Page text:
Naya Burks, a single parent in St. Louis, took out a $1,000 loan to cope with expenses that couldn’t reliably be paid with the irregular hours at her job. When she was unable to keep up with payments on her high-cost loan, which carried an annual interest rate of 240 percent, the lender sued her and began garnishing her wages, even as interest continued to accrue. Ultimately, that $1,000 loan turned into a $40,000 debt, and it was only during the course of an investigation that the debt was forgiven.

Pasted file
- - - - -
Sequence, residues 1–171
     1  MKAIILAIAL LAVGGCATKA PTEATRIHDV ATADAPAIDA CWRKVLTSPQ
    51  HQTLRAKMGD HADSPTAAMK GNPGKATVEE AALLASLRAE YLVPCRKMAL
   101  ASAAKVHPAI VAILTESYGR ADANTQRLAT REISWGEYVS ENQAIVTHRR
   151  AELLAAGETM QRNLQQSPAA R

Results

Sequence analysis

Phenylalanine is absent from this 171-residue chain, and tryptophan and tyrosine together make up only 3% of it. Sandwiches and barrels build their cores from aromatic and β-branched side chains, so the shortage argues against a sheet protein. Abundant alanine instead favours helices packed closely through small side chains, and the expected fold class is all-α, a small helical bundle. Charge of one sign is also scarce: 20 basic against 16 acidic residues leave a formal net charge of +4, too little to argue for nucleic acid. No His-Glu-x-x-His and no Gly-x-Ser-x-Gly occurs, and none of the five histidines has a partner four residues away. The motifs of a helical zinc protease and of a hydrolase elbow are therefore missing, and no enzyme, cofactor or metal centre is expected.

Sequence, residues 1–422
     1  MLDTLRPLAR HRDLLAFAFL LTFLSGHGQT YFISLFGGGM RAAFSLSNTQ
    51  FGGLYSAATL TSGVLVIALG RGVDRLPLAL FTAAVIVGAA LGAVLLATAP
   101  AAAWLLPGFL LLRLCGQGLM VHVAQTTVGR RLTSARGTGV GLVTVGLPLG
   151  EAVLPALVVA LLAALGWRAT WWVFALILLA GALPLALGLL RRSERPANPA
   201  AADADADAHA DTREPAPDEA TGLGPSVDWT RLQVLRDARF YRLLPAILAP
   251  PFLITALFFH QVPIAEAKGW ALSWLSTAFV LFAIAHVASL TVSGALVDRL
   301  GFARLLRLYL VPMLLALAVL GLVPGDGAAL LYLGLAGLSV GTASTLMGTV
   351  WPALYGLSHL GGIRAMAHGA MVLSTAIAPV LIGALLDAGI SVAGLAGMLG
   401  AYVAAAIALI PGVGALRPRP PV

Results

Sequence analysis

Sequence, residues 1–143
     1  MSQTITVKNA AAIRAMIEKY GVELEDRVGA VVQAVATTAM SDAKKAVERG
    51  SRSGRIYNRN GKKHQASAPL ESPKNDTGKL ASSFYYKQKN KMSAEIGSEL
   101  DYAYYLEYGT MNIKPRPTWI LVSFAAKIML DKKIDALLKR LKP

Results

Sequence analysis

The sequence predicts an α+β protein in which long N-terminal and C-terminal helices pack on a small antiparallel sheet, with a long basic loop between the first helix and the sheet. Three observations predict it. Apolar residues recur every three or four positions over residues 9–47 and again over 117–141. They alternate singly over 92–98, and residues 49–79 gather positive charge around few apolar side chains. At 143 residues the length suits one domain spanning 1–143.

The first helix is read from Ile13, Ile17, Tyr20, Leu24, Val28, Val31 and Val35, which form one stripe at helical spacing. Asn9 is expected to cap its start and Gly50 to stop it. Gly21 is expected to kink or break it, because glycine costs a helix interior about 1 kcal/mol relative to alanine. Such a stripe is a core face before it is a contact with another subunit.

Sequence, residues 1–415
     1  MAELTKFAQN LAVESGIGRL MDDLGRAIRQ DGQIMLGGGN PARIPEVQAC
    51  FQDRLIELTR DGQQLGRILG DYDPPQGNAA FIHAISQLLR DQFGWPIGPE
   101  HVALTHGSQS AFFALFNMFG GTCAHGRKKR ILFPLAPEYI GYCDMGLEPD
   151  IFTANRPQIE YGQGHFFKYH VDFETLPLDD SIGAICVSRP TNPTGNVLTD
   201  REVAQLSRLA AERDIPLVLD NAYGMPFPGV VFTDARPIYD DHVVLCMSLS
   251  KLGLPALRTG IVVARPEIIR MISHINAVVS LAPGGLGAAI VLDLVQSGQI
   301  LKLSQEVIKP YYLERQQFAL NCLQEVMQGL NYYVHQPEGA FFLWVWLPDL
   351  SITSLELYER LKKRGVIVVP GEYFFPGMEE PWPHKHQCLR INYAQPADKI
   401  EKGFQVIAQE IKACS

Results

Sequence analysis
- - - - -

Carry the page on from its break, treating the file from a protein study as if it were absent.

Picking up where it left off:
Burks’s story is one among millions of Americans who take out a high-cost predatory loan each year, such as a payday loan pledged against the next paycheck. In Texas alone, there are approximately 3,500 payday lenders, more than there are grocery stores. In Louisiana, payday lenders outnumber McDonalds. In these states and across the country, advocates are increasingly joined by faith leaders, who recognize that predatory loans aren’t just about dollars and cents, but about underlying moral questions.
The above excerpt was originally published in Spotlight on Poverty and Opportunity.
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